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The elusive fountain of youth may be closer to us than we’ve realized, according to science. A new study out of the University of Southern California claims that physical decline among older adults may be reversible after finding a powerful hormone in humans that is expressed during exercise.
The study, published recently in Nature Communications, discovered that the mitochondrial genome “encodes instructions for regulating an individual’s physical capacity, performance and metabolism during aging.” The study, which was performed on mice, suggests that this regulation may be able to help increase a healthier, physically more active lifespan among those at an advanced age.
“Mitochondria are known as the cell’s energy source, but they are also hubs that coordinate and fine-tune metabolism by actively communicating to the rest of the body,” study co-author Changhan David Lee, assistant professor at the USC Leonard Davis School of Gerontology said on the university’s website. “As we age, that communication network seems to break down, but our study suggests you can restore that network or rejuvenate an older mouse so it is as fit as a younger one.”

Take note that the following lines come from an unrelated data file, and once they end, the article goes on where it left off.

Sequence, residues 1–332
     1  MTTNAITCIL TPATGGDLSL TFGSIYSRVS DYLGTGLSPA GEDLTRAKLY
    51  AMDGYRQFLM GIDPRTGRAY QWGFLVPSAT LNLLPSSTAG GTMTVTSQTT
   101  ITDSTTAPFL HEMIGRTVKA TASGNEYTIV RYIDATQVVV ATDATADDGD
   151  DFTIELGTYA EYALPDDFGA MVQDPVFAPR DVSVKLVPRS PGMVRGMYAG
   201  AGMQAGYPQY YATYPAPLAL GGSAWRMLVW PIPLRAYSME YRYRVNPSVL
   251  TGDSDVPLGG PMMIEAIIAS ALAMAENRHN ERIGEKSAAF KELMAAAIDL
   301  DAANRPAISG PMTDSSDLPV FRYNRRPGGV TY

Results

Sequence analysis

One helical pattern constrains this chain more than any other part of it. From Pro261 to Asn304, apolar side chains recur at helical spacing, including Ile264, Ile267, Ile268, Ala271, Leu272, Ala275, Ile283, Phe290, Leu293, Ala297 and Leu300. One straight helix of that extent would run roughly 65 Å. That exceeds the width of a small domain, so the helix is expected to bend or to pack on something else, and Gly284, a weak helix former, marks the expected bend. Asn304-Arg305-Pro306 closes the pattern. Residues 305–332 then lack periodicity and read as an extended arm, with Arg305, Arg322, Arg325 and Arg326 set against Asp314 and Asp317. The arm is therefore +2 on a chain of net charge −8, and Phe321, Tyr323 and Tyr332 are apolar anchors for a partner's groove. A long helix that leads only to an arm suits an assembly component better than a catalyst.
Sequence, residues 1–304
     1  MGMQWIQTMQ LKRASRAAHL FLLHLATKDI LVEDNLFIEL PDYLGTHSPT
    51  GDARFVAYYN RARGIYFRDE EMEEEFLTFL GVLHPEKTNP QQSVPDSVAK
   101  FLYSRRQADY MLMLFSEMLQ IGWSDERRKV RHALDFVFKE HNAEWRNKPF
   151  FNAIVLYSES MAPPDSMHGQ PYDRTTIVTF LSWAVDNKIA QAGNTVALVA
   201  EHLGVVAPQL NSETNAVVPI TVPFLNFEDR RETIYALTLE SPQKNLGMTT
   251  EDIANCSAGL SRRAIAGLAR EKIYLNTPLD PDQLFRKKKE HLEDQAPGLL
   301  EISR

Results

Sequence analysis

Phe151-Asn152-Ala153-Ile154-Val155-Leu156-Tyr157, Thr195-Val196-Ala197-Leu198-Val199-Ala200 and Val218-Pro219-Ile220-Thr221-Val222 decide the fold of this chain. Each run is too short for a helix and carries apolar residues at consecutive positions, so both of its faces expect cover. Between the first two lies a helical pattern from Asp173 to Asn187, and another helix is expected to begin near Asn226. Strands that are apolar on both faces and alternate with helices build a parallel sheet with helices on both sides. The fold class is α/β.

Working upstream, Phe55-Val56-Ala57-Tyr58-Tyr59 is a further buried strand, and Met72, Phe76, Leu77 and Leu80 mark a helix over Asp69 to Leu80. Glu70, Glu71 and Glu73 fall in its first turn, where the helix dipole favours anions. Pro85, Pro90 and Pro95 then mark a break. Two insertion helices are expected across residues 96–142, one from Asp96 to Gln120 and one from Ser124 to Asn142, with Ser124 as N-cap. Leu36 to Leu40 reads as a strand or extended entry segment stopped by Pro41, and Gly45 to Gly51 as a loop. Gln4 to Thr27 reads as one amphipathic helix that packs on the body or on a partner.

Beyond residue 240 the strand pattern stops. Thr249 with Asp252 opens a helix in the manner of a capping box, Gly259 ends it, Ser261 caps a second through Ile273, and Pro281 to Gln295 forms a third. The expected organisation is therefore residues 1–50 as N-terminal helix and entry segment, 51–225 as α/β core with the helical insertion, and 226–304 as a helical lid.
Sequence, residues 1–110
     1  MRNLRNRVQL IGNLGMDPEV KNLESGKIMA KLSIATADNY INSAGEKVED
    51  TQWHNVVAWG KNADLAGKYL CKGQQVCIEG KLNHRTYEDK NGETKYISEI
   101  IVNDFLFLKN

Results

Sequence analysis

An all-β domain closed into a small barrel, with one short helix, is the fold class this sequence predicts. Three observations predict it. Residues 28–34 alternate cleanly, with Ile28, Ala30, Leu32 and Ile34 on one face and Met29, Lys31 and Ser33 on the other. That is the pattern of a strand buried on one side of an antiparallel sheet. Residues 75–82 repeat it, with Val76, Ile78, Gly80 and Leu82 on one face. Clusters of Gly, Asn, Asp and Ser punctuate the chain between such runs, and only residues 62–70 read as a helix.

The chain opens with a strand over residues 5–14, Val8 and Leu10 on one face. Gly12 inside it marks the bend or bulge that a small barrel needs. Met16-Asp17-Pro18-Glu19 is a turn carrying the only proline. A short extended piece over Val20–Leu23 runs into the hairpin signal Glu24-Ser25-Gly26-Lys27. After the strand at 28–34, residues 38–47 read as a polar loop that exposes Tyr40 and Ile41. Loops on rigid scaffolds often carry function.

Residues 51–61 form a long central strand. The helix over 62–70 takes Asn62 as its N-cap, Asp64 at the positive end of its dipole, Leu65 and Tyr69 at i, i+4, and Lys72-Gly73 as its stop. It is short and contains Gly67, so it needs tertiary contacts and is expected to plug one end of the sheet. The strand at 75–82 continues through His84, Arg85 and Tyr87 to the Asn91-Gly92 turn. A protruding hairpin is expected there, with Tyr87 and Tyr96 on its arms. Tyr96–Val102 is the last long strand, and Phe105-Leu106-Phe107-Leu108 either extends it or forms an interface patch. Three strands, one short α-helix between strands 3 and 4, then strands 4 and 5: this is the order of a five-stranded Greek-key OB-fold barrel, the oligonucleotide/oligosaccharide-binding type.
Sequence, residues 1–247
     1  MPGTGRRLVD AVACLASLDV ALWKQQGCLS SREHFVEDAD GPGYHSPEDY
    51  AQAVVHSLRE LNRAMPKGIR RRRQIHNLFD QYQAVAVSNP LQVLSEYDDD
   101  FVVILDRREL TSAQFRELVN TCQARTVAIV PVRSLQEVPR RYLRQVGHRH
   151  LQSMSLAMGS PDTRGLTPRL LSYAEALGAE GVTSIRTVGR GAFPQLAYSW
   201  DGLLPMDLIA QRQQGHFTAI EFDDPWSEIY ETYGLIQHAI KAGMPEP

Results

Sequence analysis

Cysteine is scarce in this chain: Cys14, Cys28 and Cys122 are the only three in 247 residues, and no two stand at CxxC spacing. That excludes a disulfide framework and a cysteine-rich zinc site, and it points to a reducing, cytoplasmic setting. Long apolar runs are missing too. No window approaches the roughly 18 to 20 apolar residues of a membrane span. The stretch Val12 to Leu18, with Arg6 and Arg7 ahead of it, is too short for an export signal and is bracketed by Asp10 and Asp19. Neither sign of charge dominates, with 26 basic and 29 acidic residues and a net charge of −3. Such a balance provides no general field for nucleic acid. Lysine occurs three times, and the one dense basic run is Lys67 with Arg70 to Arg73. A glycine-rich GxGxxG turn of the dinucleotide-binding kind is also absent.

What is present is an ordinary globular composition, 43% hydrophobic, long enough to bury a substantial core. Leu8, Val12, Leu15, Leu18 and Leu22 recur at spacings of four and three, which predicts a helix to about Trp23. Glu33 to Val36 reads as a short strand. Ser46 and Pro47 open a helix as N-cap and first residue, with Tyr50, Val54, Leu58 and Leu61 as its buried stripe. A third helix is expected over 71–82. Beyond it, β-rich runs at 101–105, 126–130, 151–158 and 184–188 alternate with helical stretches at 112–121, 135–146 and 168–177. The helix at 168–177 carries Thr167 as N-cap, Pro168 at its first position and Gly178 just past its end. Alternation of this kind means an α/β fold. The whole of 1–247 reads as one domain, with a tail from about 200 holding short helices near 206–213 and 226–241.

The scientists looked at MOTS-c, a hormone which mimics the effects of exercise. The research team tested how injections of MOTS-c affected mice of different ages by measuring physical capacity and performance in young, middle-aged, and old mice. When the mice were presented with physical challenges such as running on an accelerated treadmill, mice of all ages who had received MOTS-c treatment fared significantly better than untreated mice of the same age, as well as mice that were fed a high-fat diet.
In people, researchers collected skeletal muscle tissue and plasma from sedentary, healthy young male volunteers who exercised on a stationary bicycle before, during, and after the exercise. Their MOTS-c levels increased significantly in muscle cells after exercise and remained slightly elevated even after a four-hour rest.
The results, according to the researchers, lend a promising hope for aging adults who may have regressed physically that they may be able regain some of the strength and physical capacity they had decades earlier.
“Indicators of physical decline in humans, such as reduced stride length or walking capacity, are strongly linked to mortality and morbidity,” Lee said. “Interventions targeting age-related decline and frailty that are applied later in life would be more translationally feasible compared to lifelong treatments.”